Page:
The large-scale photographs entitled Former plant beds from the plantation and "herb gardens," used by the Nazis for biodynamic agricultural research, at the Dachau Concentration Camp provide visual documentation of the remnants of these practices. Aside from their historical import, Büttner's images are abstract compositions in which grid-like forms (the decaying plant bed structures) rest on quasi-monochromatic backgrounds of grass and earth. Reflection upon the role played by grids as organising structures, especially in modernist aesthetics, is another prevailing theme in this exhibition.
'Grids,' a 1979 essay by Rosalind Krauss, explores the compensatory use of the grid in modernist art. Krauss observes that 'now we find it indescribably embarrassing to mention art and spirit in the same sentence. The peculiar power of the grid... arises from its power to preside over this shame: to mask and to reveal it at the same time.' In a related fashion, Büttner takes up the grid as a form in which the problems and potential of modernism are constellated, and through which abstract art enables the wilful forgetting of criminal acts. She juxtaposes the ad hoc grids of the Dachau plantation with an installation-based work in which nine oil paintings on canvas—each of which features an open rectangle painted in a single colour, flush to its edges—have been set into an aluminium frame constructed in front of one of the gallery's walls. Behind it, covering the wall itself, is a large painted grid.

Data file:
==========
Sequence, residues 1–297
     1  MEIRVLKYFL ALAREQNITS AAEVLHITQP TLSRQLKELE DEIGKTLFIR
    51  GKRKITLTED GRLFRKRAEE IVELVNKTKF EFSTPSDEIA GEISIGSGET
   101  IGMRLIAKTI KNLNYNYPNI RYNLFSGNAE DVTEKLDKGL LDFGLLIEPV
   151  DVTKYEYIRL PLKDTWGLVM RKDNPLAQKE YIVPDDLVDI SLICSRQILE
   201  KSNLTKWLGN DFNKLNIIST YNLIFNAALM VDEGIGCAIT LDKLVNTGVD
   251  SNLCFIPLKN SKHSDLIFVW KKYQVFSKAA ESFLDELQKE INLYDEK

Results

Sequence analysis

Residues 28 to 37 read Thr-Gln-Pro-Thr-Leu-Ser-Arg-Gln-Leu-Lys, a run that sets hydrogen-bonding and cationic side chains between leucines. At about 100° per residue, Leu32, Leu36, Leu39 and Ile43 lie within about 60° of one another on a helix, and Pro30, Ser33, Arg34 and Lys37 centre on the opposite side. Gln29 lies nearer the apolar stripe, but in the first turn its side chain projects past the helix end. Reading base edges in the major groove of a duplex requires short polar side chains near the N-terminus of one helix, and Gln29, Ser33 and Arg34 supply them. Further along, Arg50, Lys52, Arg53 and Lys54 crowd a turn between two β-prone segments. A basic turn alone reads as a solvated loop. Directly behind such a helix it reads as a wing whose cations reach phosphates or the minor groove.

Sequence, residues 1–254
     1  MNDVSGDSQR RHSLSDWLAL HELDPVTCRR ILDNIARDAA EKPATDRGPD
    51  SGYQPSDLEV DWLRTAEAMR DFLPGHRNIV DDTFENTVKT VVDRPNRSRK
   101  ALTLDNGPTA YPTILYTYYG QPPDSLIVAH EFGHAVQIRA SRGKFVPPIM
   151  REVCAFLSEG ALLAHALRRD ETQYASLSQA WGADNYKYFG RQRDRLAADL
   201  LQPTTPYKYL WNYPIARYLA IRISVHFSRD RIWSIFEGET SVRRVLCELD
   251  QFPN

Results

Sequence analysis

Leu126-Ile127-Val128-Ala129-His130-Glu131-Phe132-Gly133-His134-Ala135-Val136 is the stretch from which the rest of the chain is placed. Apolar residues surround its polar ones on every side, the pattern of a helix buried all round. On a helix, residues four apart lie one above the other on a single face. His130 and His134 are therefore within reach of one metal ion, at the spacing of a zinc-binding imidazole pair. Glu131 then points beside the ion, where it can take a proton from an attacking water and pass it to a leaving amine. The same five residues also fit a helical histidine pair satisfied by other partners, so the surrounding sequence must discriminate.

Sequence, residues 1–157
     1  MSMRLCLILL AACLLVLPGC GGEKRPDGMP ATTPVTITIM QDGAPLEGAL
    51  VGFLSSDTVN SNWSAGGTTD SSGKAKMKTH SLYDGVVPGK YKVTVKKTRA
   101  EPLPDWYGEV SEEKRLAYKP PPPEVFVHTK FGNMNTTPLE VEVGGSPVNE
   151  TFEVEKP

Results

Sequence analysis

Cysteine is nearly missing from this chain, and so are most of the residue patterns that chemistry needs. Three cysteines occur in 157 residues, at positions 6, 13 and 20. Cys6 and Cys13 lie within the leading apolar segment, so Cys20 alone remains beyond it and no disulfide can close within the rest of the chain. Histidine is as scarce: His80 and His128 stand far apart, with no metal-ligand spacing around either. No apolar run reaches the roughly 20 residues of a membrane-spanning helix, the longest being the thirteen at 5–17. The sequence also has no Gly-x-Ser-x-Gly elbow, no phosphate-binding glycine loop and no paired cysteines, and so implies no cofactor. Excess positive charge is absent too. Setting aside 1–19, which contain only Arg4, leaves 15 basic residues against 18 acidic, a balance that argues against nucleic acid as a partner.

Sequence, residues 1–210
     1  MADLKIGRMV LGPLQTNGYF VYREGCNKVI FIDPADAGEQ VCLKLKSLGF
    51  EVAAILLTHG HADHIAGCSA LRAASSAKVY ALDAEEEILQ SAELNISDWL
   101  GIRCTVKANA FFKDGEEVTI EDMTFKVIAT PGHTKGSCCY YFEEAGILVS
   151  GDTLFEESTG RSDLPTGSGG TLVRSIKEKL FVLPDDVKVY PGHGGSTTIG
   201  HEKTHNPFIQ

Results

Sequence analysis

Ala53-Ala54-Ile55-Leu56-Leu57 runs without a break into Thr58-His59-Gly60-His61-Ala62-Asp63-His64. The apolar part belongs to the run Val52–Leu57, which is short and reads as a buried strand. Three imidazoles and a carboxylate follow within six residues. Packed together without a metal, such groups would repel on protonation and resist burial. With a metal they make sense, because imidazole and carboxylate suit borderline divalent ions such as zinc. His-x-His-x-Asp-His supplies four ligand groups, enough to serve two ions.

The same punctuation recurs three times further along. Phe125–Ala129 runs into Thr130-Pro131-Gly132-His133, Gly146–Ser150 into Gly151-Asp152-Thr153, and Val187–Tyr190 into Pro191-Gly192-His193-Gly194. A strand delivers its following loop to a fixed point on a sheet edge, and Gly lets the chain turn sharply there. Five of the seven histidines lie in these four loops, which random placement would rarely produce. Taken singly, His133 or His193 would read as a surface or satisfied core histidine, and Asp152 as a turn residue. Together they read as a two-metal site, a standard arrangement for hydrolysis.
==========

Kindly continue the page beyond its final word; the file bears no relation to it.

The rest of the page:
The architectural scale of this work is derived in part from Büttner's ongoing engagement with the history of painting ceilings, frescoes, and other room-wrapping interventions, and represents the latest example of her interest in altering white-box spaces through the introduction of colour and pattern. In this case, the installation recalls a contemporary cassette ceiling turned on its side. The canvases it holds, meanwhile, evoke twentieth-century experiments in coluor and geometry produced by modernist artists like Joseph Albers. Seen alongside the reverse glass paintings that also appear in the show, as well as the plant bed photographs, the installation works to reverse the tendency of abstract art to obscure historical narrative. Büttner allows the grid to mirror the layout of the Dachau plantation; in so doing, she also calls attention to the questionable politics and supposed moral superiority of an organic 'lifestyle' that often goes unquestioned in contemporary life.